Cultures and creativity combine

At St Machar Academy, 200 pupils from a roll of 900 are from overseas. What better way to celebrate each other's similarities, differences and successes than with Multicultural Week? Jean McLeish reports

Jean McLeish

When he came to Aberdeen from Poland six years ago as an 11-year-old schoolboy, Dawid couldn't speak a word of English. Now the fifth-year boy has given a fluent presentation about his homeland in English to pupils at St Machar Academy in Aberdeen.

Dawid's friends Milosz and Mikolha helped to deliver the talk to second- years, giving insights into the culture and lifestyle of their native country, as part of the school's multicultural week.

The boys described the hot summers they miss at home and how they would have to pay for pencils, books and jotters back in Poland. They find the Aberdeen granite skyline grey compared with their own brightly coloured houses and sunshine.

Dawid Guzik, 17, says he couldn't speak English when he started primary school six years ago - "It was a new experience and it was kind of fun" - but now he is sitting his Highers next year.

Polish teenagers form a significant group at this school where more than 200 children in a roll of 900 are from overseas countries including Tibet, China, Nigeria, Nepal and Lithuania.

"Fortunately, there are a lot of Polish people in my year - about 30 out of almost 200," says Dawid's co-presenter Mikolha Sawicki, 17, who wants to study physics at university.

Depute headteacher Janice Duncan organises Multicultural Week with colleagues and pupils. It has developed into a busy event since it started 10 years ago - now featuring an international breakfast, a quiz, concert and presentations.

In their talks, children are able to share their experiences, providing first-hand accounts of daily life in their home countries - insights their classmates would be unlikely to find online or in textbooks.

It is a chance to celebrate the extraordinary achievements of young people who arrived in Scotland as slightly bewildered young children and have grown into confident teenagers. And teachers who work hard to raise attainment at this school take pride in their success.

This year, for the first time, the week was run with the charity Multi Ethnic Aberdeen, to include Respect for All workshops exploring issues around faith, sexuality, disability and race.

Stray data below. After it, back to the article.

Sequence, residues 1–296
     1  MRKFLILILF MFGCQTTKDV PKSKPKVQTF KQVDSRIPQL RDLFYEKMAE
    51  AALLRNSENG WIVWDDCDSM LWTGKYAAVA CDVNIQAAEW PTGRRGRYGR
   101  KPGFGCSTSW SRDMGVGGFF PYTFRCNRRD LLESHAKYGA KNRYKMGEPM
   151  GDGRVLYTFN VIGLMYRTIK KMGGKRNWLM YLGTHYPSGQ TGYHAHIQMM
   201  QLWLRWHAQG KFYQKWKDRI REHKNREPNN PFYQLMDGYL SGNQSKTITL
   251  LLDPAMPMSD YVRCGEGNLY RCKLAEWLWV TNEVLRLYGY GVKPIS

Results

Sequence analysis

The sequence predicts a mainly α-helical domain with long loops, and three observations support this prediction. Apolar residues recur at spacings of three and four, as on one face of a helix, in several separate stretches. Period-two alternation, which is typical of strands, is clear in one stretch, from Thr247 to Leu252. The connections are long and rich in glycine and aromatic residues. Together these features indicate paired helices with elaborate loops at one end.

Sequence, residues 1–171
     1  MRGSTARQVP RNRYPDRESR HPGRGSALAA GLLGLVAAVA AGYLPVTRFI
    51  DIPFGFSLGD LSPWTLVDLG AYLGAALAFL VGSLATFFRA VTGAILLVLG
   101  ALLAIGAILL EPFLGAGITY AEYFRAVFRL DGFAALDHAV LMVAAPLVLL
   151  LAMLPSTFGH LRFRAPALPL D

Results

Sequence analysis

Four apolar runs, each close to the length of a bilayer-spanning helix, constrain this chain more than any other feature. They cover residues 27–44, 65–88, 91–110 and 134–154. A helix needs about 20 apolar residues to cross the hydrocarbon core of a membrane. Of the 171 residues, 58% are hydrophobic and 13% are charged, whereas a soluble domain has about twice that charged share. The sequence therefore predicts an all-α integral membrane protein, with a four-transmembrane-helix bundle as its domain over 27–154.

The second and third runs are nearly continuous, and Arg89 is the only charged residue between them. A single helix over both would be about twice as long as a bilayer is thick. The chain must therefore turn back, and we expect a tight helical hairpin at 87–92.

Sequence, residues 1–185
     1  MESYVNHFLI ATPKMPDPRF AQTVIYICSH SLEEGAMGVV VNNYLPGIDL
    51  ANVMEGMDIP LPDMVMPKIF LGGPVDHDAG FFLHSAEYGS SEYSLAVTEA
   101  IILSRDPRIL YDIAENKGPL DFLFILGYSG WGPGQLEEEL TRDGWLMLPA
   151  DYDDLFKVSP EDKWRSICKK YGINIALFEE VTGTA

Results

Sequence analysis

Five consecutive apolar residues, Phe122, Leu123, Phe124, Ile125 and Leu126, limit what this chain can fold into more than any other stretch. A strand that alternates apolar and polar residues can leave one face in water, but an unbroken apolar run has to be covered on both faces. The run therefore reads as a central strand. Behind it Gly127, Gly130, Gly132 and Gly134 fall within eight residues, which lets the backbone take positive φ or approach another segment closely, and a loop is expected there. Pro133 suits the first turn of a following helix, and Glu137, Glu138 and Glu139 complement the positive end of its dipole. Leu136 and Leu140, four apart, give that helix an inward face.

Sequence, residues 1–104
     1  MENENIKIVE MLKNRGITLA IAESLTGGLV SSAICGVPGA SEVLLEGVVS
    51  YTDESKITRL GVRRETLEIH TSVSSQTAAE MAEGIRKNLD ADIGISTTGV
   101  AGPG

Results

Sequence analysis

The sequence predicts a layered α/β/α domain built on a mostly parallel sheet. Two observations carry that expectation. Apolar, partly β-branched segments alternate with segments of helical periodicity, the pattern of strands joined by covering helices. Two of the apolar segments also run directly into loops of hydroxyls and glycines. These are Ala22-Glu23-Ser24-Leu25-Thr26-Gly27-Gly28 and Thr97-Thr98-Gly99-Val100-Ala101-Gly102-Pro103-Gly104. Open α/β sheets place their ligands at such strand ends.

St Machar Academy is less than half a mile from the University of Aberdeen, so overseas children whose parents are studying or teaching there often live nearby and come to the local school.

"We have also got a large area of local authority housing. So quite often when people are moving into the city from overseas, they apply for local authority housing and, because of the high level of local authority housing in the area, they come into our catchment area as well," Mrs Duncan says.

Sixteen-year-old Monika Sapkota is in sixth year and arrived here from Nepal just three years ago. She is planning to study medicine, depending on her Higher results, but if she doesn't get the grades, she says she will persevere and may take a longer route through biomedical sciences.

She is enjoying this school: "In our dining table we have so many different people, like my friend Hannah here from the Philippines and others from Poland, Lithuania and Pakistan. It's really good."

These young people have high aspirations and determination -Monika's friend Hannah Galicia, 16, is from the Philippines.

"First I was thinking of doing nursing, but I switched to medicine. Like Monika says, we don't care how long it takes us, so long as we get there," says Hannah.

Monika has found this school welcoming and the pupils hospitable: "Scottish people are really outgoing and they are helpful and polite," she says.

Hannah jokes about a warning she got in primary school before she came to the academy: "People said you get your head flushed down the toilet, but that was just a rumour - it's not true," she laughs.


At the last count, 34 different languages were spoken at this school. More than a quarter of the children are from an international background, which creates a range of in-house opportunities for learning and global citizenship.

Reported incidents involving racism are rare, according to depute head Janice Duncan, who organises Multicultural Week.

"We pride ourselves at St Machar Academy in welcoming all and having respect for all. This is about tolerance and it's about celebrating what's different, as well as what's similar in everybody," she says.

In the recent Passport to the World session, there were presentations by children of all ages from countries such as the Philippines, Hungary and Iran.

The new second-years also heard about the way of life in Nigeria, the religions and languages of India and the favourite foods in Nepal.

It gave new information for teachers and a chance to pose the questions they might otherwise hesitate to ask.

Sixth-year Mary Amidu talked about the tribal traditions of Nigeria, passing round snacks from her country for pupils to try.

"I like doing this because other people get a chance to learn and know about your culture," she says.

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Jean McLeish

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